The fourth season of The Affair (Movistar +) seemed to have exhausted its main narrative resource, based on a disturbing perspectivism: the same situation, interpreted by two different minds, becomes two different situations. (In that they walk, with surprising conclusions and evidence, some neuroscientists.) One, then, faces the fifth season with a slight prevention, waiting for the insistence on that lucky formula. But, fortunately, his new episodes manage to maintain the level to be considered - for the effectiveness of his approach, for his excellent cast, for the emotional complexity of his plot ... - one of the best series of recent times .
Unless it is a fantasy with mutant monsters and that kind of truculence, when a fiction goes into the future, be it the immediate one, it runs its risks , and even more if it is moved by an eagerness of realism, of convincing prophecy; Among the main risks is that of implausibility. The British production Years and Years (HBO) dodged them well, let's take the case. In some episodes of The Affair we are presented with a future as predictable as fearsome for humanity, including in the concept of "humanity" the humans who are responsible for poisoning our planet, until we arrive, before the impassibility of many and impotence of some, to a point of no return, as those who know warn.
Who was left without a future ahead of time is Pablo Ibar, son of Basque and Cuban. (And nephew, by the way, of boxer Urtain.) Accused of a triple murder in Florida in 1994, his judicial and prison nightmare is recreated in the four episodes of In the death row (Movistar +), based on a journalistic investigation carried out by Nacho Carretero. Ibar's distressing story could have been told from various approaches. Here it has been decided to consider him innocent and a victim of a bungling police, an inept lawyer and a popular jury - that hyperdemocratic fantasy according to which a few palettes in laws are transformed, by a magical chance, into judges.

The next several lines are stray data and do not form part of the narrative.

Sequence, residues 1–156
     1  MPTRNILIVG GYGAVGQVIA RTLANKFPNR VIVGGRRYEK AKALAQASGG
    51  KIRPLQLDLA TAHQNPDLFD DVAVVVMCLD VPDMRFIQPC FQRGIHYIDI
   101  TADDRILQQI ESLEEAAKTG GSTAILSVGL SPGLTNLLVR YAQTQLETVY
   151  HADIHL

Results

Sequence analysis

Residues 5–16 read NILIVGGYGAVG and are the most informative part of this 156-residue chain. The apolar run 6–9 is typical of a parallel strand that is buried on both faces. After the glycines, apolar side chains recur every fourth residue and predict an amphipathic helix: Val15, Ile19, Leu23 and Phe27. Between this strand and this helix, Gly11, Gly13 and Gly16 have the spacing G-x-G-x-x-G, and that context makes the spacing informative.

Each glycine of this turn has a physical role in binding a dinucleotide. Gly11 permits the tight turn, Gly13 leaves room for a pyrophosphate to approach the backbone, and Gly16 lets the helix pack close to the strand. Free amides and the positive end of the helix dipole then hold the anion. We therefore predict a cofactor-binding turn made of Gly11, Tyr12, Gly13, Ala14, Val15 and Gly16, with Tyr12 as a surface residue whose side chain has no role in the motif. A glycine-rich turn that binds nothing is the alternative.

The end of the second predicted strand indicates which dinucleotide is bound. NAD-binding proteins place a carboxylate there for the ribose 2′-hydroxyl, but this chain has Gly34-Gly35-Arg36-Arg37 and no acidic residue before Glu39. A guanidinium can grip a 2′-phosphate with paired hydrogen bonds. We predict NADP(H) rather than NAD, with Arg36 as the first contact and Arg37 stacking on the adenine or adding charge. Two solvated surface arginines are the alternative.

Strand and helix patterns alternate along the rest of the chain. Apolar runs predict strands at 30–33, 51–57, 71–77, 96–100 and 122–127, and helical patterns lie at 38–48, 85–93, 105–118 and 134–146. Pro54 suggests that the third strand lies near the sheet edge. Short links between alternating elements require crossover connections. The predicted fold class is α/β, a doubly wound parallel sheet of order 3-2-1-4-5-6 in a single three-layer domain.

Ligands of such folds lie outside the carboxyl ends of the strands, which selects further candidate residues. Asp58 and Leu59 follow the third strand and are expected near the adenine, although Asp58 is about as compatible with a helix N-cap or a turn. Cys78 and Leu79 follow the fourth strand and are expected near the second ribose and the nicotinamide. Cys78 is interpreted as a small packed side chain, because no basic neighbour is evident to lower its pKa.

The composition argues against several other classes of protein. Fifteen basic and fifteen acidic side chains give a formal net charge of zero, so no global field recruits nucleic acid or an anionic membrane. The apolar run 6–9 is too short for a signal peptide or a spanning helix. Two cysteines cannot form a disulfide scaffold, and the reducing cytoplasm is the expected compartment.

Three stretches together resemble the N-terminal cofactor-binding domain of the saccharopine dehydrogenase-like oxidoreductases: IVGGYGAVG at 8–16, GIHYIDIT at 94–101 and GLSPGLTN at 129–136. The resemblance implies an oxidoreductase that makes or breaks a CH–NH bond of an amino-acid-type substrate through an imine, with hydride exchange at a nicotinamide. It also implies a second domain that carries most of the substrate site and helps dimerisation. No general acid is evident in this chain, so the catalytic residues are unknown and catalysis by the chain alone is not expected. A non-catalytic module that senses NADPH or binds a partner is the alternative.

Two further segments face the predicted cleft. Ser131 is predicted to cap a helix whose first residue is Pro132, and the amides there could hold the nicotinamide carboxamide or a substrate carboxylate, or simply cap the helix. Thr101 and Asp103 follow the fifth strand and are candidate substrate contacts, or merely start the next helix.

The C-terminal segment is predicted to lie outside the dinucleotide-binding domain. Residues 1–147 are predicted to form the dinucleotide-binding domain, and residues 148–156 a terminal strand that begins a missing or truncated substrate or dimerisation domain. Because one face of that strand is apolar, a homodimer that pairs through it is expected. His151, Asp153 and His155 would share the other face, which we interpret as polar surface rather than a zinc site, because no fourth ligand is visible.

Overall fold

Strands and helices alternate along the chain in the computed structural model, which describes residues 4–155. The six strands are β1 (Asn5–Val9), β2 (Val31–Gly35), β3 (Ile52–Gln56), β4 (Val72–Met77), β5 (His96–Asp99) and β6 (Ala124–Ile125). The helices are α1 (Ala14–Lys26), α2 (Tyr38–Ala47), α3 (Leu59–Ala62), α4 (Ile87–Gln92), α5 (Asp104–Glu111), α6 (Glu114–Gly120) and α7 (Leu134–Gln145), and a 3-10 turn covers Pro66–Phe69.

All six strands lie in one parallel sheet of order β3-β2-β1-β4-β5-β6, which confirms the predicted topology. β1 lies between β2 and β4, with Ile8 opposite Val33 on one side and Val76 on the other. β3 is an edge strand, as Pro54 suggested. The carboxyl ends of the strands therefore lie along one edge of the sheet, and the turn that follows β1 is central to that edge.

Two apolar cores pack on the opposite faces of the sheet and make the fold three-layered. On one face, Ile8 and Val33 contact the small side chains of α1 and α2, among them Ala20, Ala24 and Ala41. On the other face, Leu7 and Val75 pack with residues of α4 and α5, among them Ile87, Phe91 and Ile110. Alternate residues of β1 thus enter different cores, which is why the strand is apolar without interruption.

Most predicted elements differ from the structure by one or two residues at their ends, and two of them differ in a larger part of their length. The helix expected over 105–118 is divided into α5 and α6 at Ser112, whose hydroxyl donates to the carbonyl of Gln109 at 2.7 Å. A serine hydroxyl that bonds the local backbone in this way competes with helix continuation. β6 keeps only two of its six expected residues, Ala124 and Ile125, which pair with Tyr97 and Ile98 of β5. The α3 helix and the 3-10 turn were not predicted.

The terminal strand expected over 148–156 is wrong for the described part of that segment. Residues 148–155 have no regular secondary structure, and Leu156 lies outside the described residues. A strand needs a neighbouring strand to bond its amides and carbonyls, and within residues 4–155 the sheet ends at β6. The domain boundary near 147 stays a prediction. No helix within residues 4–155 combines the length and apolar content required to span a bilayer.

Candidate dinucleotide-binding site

It is, therefore, a fiction of induced emotionality - with some inevitable melodramatic touches - that seeks the outrage of the viewer in a situation that has all the appearance of being as unfair as absurd. Another possible option, less humanitarian but perhaps narratively more efficient, was that of "a bad night has anyone", and leave a margin for doubt, which perhaps would have intensified not only the dramatic complexity of the story, but also its intrigue dose. But it is well, especially if it serves to raise awareness - in these times when some have no qualms about proclaiming their nostalgia for barbarism - of the savage that implies, in a civilized society, the validity of the death penalty, defended with often by believers in a merciful god, since it is seen that the Fifth Commandment admits exceptions.
The fifth season of Peaky Blinders (Netflix) has just premiered, which, according to some enthusiasts, becomes the British equivalent of the American Boardwalk Empire . Well ... yes and no. In my opinion, it falls well below, despite its magnificent performance and the excellent work of most of its actors - although the character of Arthur Shelby is a little more uncontrolled of the account and maybe he could use a few corrective sessions in an academy of actors in which the thorny issue of over-action is dealt with in depth ... and better if accompanied, incidentally, by Aunt Polly.
The weak point of this series - or its gross point, as preferred - I fear is the emphasis on macarrismo , which is perhaps what least needs a fiction starring macarras. But, finally, there we have the re-concentrated Tommy Shelby, against the backdrop of the 1929 crisis, becoming a socialist parliamentarian to denounce rhetoric social injustices vigorously, an opium trafficker to relax the population, an addict laudanum to alleviate his bitterness, in Freud's reader to interpret his tumultuous dreams, also rubbing shoulders with Churchill and killing in cold blood in his spare time, which, between thing and thing, are not many. Who gives more? According to a pattern very much like the scriptwriters of today, the appearance of a sharply corporealized ghost could not be missed; in this case, that of the late Grace, Tommy's great love. (See as mitigating that he usually appears in the middle of his colloquies.)
For not leaving the realm of crime, there we have The Way (Netflix) - after the splendid Better Call Saul , another extension, this time with a feature film format, of the Breaking Bad phenomenon -, which focuses on the hapless wanderings of Jesse Pinkman , partner and footman of Walter White in the blue methamphetamine business. "Y?" Well, I don't know: something like a double episode of the series ... and little else. Being well, I think it just wasn't quite right. But he always likes to meet old friends again , so welcome.
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